Uniform Resource Locators—URLs to you and me—are of course nothing more than web addresses, and they’re a valuable content sharing tool. Back in the day, no one thought much of long URL links; it’s just the way things were. But today, we like our links to be neat and tidy. URL shorteners were created to solve this problem. Now, it’s not uncommon to find a “shortened URL” in place of the longer links of yesteryear. But proceed with caution when clicking a shortened URL; phishing scams can be lurking within the link.
History of the Shortened URL
Created in 2002, TinyURL was the first URL shortener. Creator Kevin Gilberston’s idea was simple: plug in a long URL, such as the Google Maps address for the Empire State Building...
...and voila! TinyURL gives you just what it promises—a tiny URL—directing you to the exact same page (feel free to check the links!):
Gilbertson has stated that he wasn’t out to cash in, but simply was looking to solve a problem (such as the fact that in emails, URLs that couldn’t fit on a single line would often have an automatic break inserted into them, resulting in an error message when clicked). Little did he know, but his simple yet innovative creation was about to start a URL revolution. Soon, dozens of similar URL shortening websites began popping up.
URL shorteners really grew in popularity with the advent of Twitter in 2006. With tweets limited to a mere 140-characters (at the time), this posed a real problem when senders wanted to include a link that took up half or all of their character count. So of course, they used shortened URLs as a work-around.
TinyURL was the Twitter URL shortener of choice, until Bitly came along. Bitly recognized an opportunity to not just shorten URLs, but include analytics on the number of clicks the link received. This was a boon for marketers, and Twitter quickly switched over to Bitly links which now leads the market as the number one URL shortener (this hasn’t stopped others from getting into the game, however, such as Google’s goo.g! and YouTube’s youtu.be).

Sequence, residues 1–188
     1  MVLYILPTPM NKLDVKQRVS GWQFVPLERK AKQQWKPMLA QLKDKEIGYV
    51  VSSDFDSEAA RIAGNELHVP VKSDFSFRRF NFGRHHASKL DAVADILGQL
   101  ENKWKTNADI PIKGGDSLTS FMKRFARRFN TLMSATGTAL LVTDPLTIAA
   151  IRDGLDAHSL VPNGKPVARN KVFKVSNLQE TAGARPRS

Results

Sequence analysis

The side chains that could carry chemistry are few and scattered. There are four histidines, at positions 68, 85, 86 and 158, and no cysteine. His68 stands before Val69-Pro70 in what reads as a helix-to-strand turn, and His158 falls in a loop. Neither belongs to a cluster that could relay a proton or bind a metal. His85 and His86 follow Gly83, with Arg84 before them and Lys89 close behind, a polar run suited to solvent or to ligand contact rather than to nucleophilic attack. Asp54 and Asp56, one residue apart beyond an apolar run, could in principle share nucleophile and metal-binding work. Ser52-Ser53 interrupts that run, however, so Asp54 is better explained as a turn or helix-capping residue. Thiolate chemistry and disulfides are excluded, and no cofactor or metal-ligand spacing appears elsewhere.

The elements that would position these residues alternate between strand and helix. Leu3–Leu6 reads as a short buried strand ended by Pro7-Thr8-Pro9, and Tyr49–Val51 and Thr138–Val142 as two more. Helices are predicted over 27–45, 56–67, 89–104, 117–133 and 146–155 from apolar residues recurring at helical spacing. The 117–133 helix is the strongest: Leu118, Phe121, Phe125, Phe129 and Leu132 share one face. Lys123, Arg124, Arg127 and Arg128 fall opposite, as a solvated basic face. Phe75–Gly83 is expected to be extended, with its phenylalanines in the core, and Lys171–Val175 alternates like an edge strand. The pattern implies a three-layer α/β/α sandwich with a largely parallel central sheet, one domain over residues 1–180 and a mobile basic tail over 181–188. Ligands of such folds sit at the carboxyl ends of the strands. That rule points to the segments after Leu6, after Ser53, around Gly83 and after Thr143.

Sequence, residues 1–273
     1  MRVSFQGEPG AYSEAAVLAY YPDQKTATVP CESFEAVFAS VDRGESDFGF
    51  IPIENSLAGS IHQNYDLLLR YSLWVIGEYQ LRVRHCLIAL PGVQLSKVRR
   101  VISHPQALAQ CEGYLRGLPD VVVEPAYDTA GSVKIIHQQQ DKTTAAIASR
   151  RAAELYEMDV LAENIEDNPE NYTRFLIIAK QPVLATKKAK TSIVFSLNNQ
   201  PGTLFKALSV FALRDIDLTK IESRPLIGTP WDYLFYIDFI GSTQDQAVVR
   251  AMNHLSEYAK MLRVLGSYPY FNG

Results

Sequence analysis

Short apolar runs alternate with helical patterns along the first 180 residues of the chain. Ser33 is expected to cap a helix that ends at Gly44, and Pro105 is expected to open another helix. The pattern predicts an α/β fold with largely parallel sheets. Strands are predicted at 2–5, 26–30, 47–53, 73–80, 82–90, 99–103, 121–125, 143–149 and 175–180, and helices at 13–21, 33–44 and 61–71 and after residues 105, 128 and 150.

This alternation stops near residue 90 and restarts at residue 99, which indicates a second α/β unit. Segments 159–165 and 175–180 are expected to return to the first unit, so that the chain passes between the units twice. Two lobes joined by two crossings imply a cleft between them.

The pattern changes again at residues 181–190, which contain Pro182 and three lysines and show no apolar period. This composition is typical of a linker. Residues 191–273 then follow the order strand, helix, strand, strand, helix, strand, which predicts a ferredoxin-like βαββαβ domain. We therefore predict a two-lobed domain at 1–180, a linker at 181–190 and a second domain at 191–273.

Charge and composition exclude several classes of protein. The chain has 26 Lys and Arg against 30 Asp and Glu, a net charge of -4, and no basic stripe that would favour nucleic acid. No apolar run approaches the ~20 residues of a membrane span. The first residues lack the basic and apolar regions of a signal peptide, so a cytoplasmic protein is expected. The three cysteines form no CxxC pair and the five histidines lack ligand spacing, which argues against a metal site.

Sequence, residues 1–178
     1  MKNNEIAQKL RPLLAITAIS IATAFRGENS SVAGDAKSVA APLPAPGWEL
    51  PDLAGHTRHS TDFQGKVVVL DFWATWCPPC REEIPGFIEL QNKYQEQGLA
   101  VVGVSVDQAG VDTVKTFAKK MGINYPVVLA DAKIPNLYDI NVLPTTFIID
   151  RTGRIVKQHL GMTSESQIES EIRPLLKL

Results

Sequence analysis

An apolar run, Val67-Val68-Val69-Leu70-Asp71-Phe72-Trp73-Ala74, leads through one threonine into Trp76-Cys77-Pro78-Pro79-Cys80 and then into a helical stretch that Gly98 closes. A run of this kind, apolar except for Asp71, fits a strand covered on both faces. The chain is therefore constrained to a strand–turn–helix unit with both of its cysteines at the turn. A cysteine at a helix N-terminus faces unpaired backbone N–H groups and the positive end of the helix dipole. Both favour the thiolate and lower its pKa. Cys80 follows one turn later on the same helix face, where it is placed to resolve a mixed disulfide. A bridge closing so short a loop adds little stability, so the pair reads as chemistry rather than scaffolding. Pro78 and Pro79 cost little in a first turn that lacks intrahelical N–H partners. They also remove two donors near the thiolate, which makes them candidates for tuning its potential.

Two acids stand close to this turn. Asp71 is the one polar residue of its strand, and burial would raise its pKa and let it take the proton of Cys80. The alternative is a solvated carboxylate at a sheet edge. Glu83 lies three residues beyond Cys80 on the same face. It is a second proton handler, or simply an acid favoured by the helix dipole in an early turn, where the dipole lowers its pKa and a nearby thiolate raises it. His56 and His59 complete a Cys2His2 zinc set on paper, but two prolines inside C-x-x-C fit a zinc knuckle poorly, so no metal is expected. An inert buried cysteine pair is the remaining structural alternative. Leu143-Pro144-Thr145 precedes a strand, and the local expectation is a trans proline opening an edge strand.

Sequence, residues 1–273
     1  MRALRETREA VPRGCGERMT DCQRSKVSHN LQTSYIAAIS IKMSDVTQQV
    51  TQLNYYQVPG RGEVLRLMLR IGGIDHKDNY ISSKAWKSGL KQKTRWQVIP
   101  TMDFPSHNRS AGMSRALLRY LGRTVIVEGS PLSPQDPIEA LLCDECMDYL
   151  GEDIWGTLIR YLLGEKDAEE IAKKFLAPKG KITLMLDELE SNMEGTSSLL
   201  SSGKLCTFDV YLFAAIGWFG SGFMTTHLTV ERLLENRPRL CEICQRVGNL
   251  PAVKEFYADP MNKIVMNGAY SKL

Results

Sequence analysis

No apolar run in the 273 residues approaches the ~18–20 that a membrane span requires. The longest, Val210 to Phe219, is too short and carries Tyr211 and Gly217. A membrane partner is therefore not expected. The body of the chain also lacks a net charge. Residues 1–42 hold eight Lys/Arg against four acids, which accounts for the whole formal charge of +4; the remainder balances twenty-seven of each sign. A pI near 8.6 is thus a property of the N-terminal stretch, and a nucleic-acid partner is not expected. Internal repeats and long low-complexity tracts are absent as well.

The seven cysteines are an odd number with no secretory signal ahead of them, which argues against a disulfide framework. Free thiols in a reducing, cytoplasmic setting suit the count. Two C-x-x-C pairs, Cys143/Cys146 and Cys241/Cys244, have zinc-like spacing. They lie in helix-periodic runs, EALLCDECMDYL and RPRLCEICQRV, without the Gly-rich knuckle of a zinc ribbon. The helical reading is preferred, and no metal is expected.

The Problem with Shortened URLs
As with any nice thing, cybercriminals eventually began to exploit URL shorteners with phishing scams.
When URL shorteners condense a link, the actual domain name of the site recipients will be directed to becomes obscured with random letters and numbers. There is nothing in those random figures to let the recipient know they’re clicking a malware link or being directed to a spoofing page where credentials can be stolen. While this would make some people hesitant to click, phishers knew the vast majority of people don’t know better, or can’t resist, so compromised shortened URLs began appearing in phishing emails and on social posts.
“We’ll have none of that!” Said URL shorteners.
So, TinyURL and others introduced a slightly longer link option that gave recipients a preview of where they were going to be directed to. The link below shows the preview page for the Empire State Building example from earlier:
Of course, this adds an extra step that many senders don’t want to include as it can hurt their analytics. Link expansion services also popped up, such as CheckShortURL, in which recipients of a short link could plug in the shortened URL to see if it’s a valid destination or a phishing scam, but again this is a step many aren’t going to take—and phishing scam artists know it.
Protection Against Shortened URL Phishing Scams
To combat phishing scams that use shortened URLs, experts point out that people should just quit using them completely, citing the following reasons:
- People may report a legitimate shortened link as spam, leading URL shortener sites to disable them.
- Long URLs on Twitter no longer take up more characters than shorten URLs.
- Most social sites provide an analytics page so you can see how many people engaged with your link whether it’s short or long.
Despite the logic of this, people will continue to shortened URLs and bad guys will continue to take advantage of this. Thankfully, there’s another way to protect yourself: anti-phishing software (like Clearedin).
Clearedin phishing protection software works in the background, assessing emails to determine whether they pose a threat. It validates emails against a social trust graph, and checks embedded links, including shortened URLs, analyzing them for malware and other phishing scams.
Let’s face it, long links aren’t pretty and they’re not always practical; Hotels.com even made a viral campaign highlighting how ridiculous they are, creating the longest URL in existence, which clocks in at 2,083 characters. Because they’re such an eyesore, URL shorteners will continue to be used and people will continue to click. To ensure your protection from phishing attacks utilizing shortened URLs, employ a service such as Clearedin. Talk to us today to learn how easy it is to get started.